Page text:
Engineers aim to use light to cure sick hearts
Doctors may one day be able to revive ailing hearts using light instead of defibrillators that send massive amounts of electricity into people’s body.
Biomedical engineers from Johns Hopkins and Stony Brook Universities are devising a method to use light to help patients with heart issues regain stability. The method goes hand-in-hand with optogenetics, a field that has been around for just around ten years. In this particular field of research, scientists utilize light-responsive proteins (opsins) to electrically stimulate targeted areas of a cell. The light-induced stimulation is reportedly much stressful on the body than traditional external defibrillator zaps.
“Applying electricity to the heart has its drawbacks,” said Natalia Trayanova, project supervisor and professor at John Hopkins. “When we use defibrillators, it’s like blasting open a door because we don’t have the key. It applies too much force and too little finesse. We want to control this treatment in a more intelligent way. We think it’s possible to use light to reshape the behavior of the heart without blasting it.”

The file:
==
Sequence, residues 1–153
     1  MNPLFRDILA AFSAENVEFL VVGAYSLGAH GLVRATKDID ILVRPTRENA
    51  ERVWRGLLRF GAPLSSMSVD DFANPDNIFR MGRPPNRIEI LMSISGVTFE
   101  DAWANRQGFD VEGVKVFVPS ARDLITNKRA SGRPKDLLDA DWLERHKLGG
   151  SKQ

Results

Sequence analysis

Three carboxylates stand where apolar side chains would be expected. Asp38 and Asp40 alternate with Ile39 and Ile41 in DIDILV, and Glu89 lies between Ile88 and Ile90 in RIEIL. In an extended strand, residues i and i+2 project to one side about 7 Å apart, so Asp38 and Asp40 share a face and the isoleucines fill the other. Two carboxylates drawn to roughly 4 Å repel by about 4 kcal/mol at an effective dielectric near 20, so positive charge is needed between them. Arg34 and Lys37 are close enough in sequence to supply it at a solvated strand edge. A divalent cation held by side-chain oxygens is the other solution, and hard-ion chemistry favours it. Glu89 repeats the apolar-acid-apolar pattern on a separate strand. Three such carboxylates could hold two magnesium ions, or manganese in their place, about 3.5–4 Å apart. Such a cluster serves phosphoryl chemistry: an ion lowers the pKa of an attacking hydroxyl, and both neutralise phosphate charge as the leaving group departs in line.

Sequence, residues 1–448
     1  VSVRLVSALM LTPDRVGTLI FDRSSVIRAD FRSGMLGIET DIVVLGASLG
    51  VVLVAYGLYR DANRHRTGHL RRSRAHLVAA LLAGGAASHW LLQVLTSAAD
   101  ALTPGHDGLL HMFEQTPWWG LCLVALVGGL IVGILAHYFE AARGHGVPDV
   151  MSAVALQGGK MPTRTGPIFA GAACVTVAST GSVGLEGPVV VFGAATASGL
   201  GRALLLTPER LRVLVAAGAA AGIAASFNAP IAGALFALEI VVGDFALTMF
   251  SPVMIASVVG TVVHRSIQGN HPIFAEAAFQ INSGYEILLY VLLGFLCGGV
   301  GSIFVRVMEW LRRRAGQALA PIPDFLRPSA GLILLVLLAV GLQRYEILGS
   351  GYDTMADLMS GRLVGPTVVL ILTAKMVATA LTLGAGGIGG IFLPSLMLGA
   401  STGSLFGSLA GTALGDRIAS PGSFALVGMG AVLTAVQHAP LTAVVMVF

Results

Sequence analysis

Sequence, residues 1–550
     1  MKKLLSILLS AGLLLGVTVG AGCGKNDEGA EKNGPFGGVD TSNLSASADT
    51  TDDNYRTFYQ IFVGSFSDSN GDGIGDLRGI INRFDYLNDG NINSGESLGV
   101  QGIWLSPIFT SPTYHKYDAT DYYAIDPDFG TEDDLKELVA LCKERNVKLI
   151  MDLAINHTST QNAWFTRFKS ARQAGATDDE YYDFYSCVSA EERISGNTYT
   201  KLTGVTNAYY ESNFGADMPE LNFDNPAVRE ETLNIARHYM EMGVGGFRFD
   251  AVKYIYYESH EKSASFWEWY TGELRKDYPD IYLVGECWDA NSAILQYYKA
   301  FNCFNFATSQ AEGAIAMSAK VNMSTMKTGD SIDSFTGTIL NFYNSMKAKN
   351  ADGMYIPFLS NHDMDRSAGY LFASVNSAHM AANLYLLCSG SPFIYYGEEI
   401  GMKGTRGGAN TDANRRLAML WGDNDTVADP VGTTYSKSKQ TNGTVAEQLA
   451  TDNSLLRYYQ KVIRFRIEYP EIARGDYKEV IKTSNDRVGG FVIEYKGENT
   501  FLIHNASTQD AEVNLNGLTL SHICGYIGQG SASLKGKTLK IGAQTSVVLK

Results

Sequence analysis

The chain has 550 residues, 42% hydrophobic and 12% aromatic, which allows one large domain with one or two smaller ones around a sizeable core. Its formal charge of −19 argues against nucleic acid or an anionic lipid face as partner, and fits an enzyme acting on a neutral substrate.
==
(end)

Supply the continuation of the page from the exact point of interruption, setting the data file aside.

Currently, the research is still in its modeling stage where a highly developed computer simulation is used to test the researchers’ techniques. The next step is for the team to insert opsins into real heart tissues to conduct tests on something more organic.
“One of the great things about using light is that it can be directed at very specific areas. It also involves very little energy. In many cases, it’s less harmful and more efficient than electricity,” said Patrick Boyle, a postdoctoral fellow in Trayanova’s lab.
Source: John Hopkins University